Monday, June 10, 2019

The Count of Monte Cristo (2002 Film) Review

 I've heard of The Count of Monte Cristo for many years now. Well the book that is, written in 1844 by Alexander Dumas, the same author behind The Three Musketeers. I didn't really know the story per se, but it's survival for adaptions into the modern day is a good sign. I had a chance to see the 2002 adaptation, and crossed my fingers that they didn't mess this one up, but my hopes were very optimistic.
 The film is set in 1815. A high-ranking sailor named Edmond Dantes is sailing around Europe, until his captain falls ill. They seek shelter and help in the island of Elba. Only to be fired upon by British soldiers guarding the island. They are nearly killed until the island's captive, Napoleon Bonaparte, the exiled French Emperor convinces the English men to spare them. In exchange for his help, Napoleon Bonaparte begs Edmond Dantes to deliver a letter to someone in France.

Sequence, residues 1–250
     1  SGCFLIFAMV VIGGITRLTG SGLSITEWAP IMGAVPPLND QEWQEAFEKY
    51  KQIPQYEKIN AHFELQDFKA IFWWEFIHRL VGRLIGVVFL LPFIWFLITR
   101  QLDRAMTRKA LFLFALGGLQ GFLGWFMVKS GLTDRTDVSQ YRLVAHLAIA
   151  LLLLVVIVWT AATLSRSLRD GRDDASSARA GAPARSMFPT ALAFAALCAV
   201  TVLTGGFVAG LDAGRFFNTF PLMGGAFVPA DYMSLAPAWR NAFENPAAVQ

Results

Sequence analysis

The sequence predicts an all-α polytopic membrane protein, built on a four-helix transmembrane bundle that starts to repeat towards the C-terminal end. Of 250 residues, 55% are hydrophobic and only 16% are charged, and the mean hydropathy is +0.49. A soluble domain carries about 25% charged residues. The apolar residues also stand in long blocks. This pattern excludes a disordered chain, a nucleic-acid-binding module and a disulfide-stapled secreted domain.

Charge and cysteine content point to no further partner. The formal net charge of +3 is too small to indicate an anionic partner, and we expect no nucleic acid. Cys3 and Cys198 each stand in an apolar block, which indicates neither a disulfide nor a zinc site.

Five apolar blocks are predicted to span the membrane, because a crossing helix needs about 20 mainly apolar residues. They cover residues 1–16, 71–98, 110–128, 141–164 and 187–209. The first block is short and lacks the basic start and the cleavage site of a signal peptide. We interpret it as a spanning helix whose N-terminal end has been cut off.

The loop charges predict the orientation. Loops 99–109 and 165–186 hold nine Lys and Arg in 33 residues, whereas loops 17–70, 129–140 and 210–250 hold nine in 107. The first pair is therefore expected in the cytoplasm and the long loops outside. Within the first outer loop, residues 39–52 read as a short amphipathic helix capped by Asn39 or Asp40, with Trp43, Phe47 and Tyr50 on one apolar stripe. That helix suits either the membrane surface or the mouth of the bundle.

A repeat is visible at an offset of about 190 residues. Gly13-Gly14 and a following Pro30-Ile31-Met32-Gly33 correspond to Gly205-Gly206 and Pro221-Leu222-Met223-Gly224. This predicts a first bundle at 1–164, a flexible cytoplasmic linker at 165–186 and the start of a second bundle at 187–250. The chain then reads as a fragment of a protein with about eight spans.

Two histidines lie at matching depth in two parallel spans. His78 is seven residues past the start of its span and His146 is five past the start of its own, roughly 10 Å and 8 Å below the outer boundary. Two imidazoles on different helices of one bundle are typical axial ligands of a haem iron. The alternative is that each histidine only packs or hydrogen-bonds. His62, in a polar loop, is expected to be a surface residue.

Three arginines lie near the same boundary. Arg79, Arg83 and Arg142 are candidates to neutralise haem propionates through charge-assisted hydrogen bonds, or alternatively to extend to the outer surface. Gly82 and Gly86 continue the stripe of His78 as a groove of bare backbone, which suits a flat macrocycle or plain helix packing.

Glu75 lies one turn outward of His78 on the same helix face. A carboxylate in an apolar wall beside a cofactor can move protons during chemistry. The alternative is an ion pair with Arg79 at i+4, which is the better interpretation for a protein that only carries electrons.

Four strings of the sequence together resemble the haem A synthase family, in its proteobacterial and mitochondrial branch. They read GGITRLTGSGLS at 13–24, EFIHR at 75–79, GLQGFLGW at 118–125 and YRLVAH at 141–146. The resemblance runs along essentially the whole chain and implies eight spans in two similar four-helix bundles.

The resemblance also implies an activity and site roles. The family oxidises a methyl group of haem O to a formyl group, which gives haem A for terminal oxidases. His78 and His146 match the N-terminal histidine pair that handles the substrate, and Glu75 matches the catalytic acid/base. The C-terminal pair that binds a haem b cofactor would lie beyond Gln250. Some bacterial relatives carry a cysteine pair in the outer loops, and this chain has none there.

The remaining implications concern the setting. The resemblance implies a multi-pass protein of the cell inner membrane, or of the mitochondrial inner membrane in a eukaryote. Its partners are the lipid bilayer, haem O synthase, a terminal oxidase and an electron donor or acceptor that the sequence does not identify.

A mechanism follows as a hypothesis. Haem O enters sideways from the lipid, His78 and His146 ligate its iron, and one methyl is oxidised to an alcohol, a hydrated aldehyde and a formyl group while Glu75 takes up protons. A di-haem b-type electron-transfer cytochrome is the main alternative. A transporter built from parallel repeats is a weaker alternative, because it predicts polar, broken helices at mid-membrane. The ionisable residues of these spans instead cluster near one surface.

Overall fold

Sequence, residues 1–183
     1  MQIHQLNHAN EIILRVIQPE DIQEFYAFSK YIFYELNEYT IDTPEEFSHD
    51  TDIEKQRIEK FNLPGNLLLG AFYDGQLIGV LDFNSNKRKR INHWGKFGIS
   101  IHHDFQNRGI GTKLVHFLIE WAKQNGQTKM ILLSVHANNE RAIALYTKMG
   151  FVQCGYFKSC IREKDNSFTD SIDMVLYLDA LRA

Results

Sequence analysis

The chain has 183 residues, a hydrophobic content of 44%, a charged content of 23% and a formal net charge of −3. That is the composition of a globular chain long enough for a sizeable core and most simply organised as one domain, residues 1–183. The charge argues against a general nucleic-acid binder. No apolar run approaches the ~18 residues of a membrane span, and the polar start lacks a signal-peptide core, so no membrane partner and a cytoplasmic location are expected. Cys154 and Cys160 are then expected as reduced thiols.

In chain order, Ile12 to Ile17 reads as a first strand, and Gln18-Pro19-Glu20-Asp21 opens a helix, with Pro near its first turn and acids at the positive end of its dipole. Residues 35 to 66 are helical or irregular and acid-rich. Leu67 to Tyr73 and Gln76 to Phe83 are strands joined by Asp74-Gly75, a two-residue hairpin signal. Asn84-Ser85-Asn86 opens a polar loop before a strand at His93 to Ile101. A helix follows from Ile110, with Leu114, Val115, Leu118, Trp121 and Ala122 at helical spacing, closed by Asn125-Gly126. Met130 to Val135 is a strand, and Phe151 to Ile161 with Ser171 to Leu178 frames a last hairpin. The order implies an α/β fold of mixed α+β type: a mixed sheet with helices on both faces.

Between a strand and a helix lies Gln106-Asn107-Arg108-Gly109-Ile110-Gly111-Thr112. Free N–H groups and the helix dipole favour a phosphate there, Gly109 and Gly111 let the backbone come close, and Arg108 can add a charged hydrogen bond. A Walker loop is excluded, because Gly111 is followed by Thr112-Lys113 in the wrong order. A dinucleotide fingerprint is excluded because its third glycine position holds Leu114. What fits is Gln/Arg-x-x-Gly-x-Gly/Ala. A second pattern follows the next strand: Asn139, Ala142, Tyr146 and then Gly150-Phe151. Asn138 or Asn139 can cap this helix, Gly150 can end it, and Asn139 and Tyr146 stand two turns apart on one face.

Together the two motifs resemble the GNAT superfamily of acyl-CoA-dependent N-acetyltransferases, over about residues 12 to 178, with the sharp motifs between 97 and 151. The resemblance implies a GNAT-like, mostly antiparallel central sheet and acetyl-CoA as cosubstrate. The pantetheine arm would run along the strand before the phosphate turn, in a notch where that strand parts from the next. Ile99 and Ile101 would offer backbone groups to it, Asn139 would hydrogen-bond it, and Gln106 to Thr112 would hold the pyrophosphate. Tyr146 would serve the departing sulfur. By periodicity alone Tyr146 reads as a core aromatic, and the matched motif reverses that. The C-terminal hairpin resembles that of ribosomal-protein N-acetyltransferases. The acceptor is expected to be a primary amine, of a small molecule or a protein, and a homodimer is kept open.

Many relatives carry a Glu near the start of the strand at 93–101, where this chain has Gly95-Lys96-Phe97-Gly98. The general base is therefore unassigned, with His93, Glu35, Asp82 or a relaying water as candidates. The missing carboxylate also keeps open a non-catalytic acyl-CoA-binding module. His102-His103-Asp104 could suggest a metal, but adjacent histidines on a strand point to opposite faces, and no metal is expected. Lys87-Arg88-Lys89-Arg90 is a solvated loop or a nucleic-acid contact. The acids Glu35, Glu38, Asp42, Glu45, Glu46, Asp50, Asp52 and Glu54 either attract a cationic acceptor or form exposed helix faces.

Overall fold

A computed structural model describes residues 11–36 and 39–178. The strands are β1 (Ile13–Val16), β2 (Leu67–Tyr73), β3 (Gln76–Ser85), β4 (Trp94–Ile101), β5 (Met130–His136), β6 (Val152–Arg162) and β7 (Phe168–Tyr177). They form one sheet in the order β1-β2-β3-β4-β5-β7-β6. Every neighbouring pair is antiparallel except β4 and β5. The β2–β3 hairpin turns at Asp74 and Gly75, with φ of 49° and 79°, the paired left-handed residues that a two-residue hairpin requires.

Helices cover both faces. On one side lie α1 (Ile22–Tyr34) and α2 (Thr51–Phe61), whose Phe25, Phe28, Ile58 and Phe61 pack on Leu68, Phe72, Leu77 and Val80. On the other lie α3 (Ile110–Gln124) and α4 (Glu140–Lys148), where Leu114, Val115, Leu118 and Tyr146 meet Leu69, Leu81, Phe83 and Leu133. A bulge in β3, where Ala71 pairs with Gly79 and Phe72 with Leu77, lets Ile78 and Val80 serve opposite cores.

Edmond's best friend Fernand Mondego sees the letter handed to him by Napoleon, and he is enraged when Edmond keeps the letter a secret. Edmond is promoted to captain when he reaches land and is about to marry his love Mercedes. That's until his friend Fernand and his enemies conspire together, and they let the French police know of the letter. Edmond is almost set free until he mentions one name. 
 He is then sent to the island prison where only political prisoners go. He almost grows mad in the years of solitude there. He knows of the men he wishes to take revenge on. And he meets a man who will teach him all the skills he needs to get his vengeance. When Edmond Dontes finally becomes a free man, he's going to bring hell to his little section of France.  
Overall I really liked The Count of Monte Cristo, though I haven't read the book. It's a wonderful tale of revenge, love, and a bit of surprises here and there. Though I have read that this movie made some major changes to the characters and even the ending was greatly changed. The actual book was huge, so it's impossible to make a perfect film based on it. But I really did enjoy it, even the faults it has to bring to the table.

Score: B+

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